Field Research: Day 391
Today I went to the Varsity Theater in Seattle and paid $4.00 for a bag of peanut M&Ms and $10.50 for a ticket to Birth of a Nation. The girl at the concession counter gave me the ticket stub and said, “It is in number two. I don’t know what it says up there. But it’s in number two.” I walked up two flights of stairs and looked at the signs:
Auditorium #1: The Birth of a Nation
Auditorium #2: The Girl on a Train
“Ah, she meant that the signs were wrong,” I told myself. I walked passed the homeless man standing in the middle of the hallway—his body slowly swaying back and forth—and entered Auditorium 2. The room was empty and well-lit. I sat down. The screen was off but the sound was on. I listened to the deafening roar of commercials and watched the blank screen. Then I listened to the loud and incomprehensible audio track of a series of previews and kept my eyes nailed to the blank screen.
“I’m sure they’ll turn the screen on when the movie starts,” I thought to myself. After another couple of minutes, I heard the sound of hooves and a child breathing. I heard the sound of a person running through a forest. The screen was still dark.
“Has the movie started?” I asked myself, “What is happening here?”
I stood up and walked into the other auditorium. That screen was off too. The homeless man was sleeping across four or five seats in the first row. Then I saw him: a young man with a backpack. He was the only other paying patron in the building.
“Are you also here to see the Birth of a Nation?” he asked.
“Yes,” I responded, “But it seems like they have forgotten to turn the screen on.”
I walked downstairs to the concession counter and explained to the girl that the screen was off. She walked passed me and mumbled, “Right, I forgot to turn it on.”
I sat back down in auditorium 2 and, to my dismay, the movie did not start from the beginning. I missed the first ten minutes.
This Based-on-a-True-Story historical drama revolves around young slave Nat Turner. He lives in a wooden hut. He speaks to the candle-lit face of his grandmother. We join the story just after this young boy’s plantation-dwelling father has killed a white man. Nat begs his father not to leave. The boy gets a formulaic “you are the man of the house now” response from his father. The boy cries. We are clearly meant to understand that this is a formative moment in the life of young Nat Turner.
I crack open a can of La Croix. The cold pamplemousse burns beautifully in my parched throat. One thing is already clear: This isn’t a very good movie. The acting is uninspired. The camera work is conventional and flat. Somehow, the plot is very simple and still very confusing. Most of the actors have bad teeth, but that is the full extent of the movie’s historical accuracy. The plot does, however, brush up against interesting themes. For example, Nat Turner (now in his twenties) falls in love with another slave and marries her. Were love marriages between slaves common in the Antebellum South? What did that look like? Did slaves have any agency? None of these questions are explored. Instead, slave Nat Turner exchanges lustful glances with another slave and then the next scene is a marriage scene. No details. After a period of martial bliss, his slave master hosts a dinner party and one of the guests wants to sleep with Nat Turner’s wife. Arguing ensues. The wife is taken away so that the dinner guest can rape her. Nat Turner has a meltdown and in that moment, he decides to incite the slave rebellion that made him famous. Before this point, the plot has stayed close to real historical accounts of Nat Turner’s life. But the rape and its triggering role in his life is fictional.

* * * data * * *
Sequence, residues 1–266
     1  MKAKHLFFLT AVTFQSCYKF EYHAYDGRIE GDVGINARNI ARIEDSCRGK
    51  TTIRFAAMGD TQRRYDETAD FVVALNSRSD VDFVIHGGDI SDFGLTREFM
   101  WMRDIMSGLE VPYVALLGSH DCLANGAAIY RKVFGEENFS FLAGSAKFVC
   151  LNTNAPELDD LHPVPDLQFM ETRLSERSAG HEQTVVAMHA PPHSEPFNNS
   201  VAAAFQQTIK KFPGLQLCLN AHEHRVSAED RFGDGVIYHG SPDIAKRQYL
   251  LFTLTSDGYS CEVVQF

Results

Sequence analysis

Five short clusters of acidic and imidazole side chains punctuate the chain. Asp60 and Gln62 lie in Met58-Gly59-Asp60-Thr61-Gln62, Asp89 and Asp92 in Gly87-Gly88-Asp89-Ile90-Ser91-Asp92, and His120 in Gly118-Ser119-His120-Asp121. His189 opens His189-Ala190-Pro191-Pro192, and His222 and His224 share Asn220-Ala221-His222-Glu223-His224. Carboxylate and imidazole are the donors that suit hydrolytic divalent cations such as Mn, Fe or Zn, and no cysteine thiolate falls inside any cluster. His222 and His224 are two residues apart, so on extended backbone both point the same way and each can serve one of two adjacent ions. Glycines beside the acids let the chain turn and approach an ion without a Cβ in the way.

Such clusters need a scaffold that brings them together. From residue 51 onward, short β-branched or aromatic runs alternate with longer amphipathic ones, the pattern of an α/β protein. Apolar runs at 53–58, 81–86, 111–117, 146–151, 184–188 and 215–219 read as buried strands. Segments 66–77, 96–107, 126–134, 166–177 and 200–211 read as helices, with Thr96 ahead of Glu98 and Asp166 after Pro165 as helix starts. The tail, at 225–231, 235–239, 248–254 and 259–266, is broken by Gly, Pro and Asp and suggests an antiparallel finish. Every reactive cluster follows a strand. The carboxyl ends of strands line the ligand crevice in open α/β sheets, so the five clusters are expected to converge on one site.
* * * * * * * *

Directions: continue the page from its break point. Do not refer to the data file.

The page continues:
At this point, we have to talk about Nate Parker, the director, writer, and main actor of the movie, and how he was famously accused of rape.
In 1999, while a sophomore at Pennsylvania State University, Parker and his roommate and wrestling teammate, Jean McGianni Celestin, were accused of raping a fellow student. The unnamed accuser stated that Parker and Celestin raped her while she was intoxicated and unconscious, and that she was unsure of how many people had been involved. The woman later went to a doctor, who concluded that she had been sexually assaulted, and local authorities taped a phone conversation between her and Parker in which Parker confirmed that it was he and Celestin who had sex with her. She also stated that the two harassed her after she pressed charges, and that they hired a private investigator who showed her picture around campus, revealing her identity.